Liberal environmentalist non-profits are urging people to eat organic, consume less meat, and consider the carbon footprint of their Thanksgiving feast, the Baltimore Sun reports.
The Center for Food Safety cites University of Manchester researchers’ claim that a turkey and all-the-trimmings meal for eight people produces 44 pounds of carbon dioxide emissions. And the life of the bird at the center of the table contributes about 60 percent of that planet-warming gas.
The Baltimore Sun’s Meredith Cohn and Tim Wheeler wrote:
And [those figures don’t] include drinks.
Leave it to the Brits to rain on our traditions. But it was brought to my attention by the Washington-based Center for Food Safety, which wants Americans to lay off food produced by “industrial agriculture” for the sake of the planet, if not their health.
“Choosing the type of food we eat – organic versus conventional meats and veggies, makes a great difference in greenhouse gas emissions,” Debi Barker, the Center’s international director, said, adding that about 14 percent of all greenhouse gas emissions are connected to industrial agriculture methods, she contends.
“Our take on that is to empower ourselves,” Barker said. “If you’re buying organic, you’re really taking a bite out of climate [change].”
The Baltimore Sun also talked to Mike Tidwell, head of the Chesapeake Climate Action Network in Takoma Park, who said eating farm-raised meat, fish, or fowl — including turkeys — is “high-impact” when it comes to climate change.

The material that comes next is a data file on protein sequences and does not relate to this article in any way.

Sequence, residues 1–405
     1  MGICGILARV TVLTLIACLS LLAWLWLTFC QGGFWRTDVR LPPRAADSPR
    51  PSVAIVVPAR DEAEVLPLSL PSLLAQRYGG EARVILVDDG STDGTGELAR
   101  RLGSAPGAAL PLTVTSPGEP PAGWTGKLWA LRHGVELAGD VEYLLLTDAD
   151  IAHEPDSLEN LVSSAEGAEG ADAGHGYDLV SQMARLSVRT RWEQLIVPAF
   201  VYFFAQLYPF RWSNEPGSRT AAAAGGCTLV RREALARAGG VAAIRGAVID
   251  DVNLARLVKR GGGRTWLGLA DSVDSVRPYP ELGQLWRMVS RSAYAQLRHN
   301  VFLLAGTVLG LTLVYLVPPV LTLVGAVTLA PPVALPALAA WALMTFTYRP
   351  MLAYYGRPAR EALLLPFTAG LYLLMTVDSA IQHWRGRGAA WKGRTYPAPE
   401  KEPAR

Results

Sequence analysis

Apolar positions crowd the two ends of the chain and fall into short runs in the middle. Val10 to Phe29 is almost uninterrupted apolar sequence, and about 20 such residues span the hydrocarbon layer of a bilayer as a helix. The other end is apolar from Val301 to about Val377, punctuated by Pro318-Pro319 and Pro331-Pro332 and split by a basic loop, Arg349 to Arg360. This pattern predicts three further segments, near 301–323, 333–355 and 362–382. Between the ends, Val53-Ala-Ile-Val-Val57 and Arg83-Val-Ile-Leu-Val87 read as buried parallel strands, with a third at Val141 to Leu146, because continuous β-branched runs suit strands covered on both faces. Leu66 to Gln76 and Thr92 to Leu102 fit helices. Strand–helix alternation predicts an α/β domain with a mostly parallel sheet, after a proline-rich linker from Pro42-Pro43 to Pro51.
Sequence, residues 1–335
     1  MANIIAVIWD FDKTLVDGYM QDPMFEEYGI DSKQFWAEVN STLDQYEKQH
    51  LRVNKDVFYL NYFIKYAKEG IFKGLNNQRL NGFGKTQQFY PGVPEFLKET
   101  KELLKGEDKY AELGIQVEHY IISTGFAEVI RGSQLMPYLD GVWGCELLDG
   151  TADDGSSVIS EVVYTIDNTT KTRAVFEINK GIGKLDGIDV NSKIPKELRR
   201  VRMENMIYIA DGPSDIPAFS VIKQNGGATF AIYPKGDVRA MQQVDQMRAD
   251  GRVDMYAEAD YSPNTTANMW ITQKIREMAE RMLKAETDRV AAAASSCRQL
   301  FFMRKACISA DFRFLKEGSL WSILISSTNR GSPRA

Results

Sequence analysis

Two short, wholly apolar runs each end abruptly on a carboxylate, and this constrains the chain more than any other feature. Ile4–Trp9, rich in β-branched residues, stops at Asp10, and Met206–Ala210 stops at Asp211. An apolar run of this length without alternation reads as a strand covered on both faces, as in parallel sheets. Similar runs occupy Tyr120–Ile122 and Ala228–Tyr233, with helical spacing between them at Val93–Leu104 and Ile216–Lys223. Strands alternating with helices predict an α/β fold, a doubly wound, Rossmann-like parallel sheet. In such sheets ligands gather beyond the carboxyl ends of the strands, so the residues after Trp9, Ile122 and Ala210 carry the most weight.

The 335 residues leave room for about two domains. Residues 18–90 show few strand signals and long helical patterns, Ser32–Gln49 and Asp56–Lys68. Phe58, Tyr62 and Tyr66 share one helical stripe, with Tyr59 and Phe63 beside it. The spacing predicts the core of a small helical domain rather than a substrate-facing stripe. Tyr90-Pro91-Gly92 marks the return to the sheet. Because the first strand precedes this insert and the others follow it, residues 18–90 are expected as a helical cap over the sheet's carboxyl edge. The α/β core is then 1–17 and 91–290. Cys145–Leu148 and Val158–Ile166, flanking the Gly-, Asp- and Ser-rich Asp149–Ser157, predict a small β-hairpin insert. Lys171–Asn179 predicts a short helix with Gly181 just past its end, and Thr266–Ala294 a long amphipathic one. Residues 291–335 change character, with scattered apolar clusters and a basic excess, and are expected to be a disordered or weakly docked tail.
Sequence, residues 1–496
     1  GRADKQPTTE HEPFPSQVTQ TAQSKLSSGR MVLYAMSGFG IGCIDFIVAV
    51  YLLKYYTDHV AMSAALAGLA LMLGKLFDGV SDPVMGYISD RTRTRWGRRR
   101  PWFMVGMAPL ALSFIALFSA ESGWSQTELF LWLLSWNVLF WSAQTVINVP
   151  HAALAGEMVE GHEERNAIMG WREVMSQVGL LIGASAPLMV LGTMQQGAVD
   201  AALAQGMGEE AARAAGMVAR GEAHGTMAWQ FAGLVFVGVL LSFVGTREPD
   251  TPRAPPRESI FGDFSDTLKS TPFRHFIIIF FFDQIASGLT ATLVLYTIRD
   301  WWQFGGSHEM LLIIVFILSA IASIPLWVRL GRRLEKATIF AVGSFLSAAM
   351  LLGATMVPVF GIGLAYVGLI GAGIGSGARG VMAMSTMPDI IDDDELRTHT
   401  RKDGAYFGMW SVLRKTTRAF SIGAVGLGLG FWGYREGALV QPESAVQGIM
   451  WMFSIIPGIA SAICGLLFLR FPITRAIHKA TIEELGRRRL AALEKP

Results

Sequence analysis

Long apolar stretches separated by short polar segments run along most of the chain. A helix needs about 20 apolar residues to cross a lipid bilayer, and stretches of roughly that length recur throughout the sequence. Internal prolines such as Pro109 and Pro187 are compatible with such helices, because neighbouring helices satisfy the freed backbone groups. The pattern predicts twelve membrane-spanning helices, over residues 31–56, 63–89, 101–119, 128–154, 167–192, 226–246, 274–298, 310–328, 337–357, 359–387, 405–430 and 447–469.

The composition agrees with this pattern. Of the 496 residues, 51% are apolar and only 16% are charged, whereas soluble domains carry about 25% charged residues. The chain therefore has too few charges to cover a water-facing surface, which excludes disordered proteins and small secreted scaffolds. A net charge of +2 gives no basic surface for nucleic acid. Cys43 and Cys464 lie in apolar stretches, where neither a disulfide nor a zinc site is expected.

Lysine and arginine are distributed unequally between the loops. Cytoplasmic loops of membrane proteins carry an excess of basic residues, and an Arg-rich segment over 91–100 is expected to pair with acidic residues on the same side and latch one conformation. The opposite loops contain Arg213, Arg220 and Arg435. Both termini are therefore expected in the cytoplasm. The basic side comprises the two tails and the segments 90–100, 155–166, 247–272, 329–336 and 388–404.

Tidwell said he is a vegetarian because of his concerns about climate change — except on Thanksgiving.
“You caught me, with my one exception,” Tidwell said.
Meanwhile, Yale School of Forestry and Environmental Studies reported that climate change could cause problems for another Thanksgiving stable, the pumpkin.
Yale Climate Connections reported:
There’s a good chance the pumpkin in your Thanksgiving pie came from Morton, Illinois. This pumpkin paradise produces most of the nation’s holiday squash. But dark skies may loom ahead.
Pumpkins are fair weather fruit; squash rots in squishy fields. And in 2015, record rainfall put a big dent in canned pumpkin production. It was not the first time America’s top squash crop got soaked. And Illinois State Climatologist Jim Angel says it will not be the last.
“Probably our biggest concern right now and into the future is that we’ve been trending toward wetter conditions,” Angel said.
Some 100,000 tons of pumpkins are processed in Morton each year, according to the article.
“There are still more good years than bad. But pumpkin shortages could become more common as the climate continues to change.”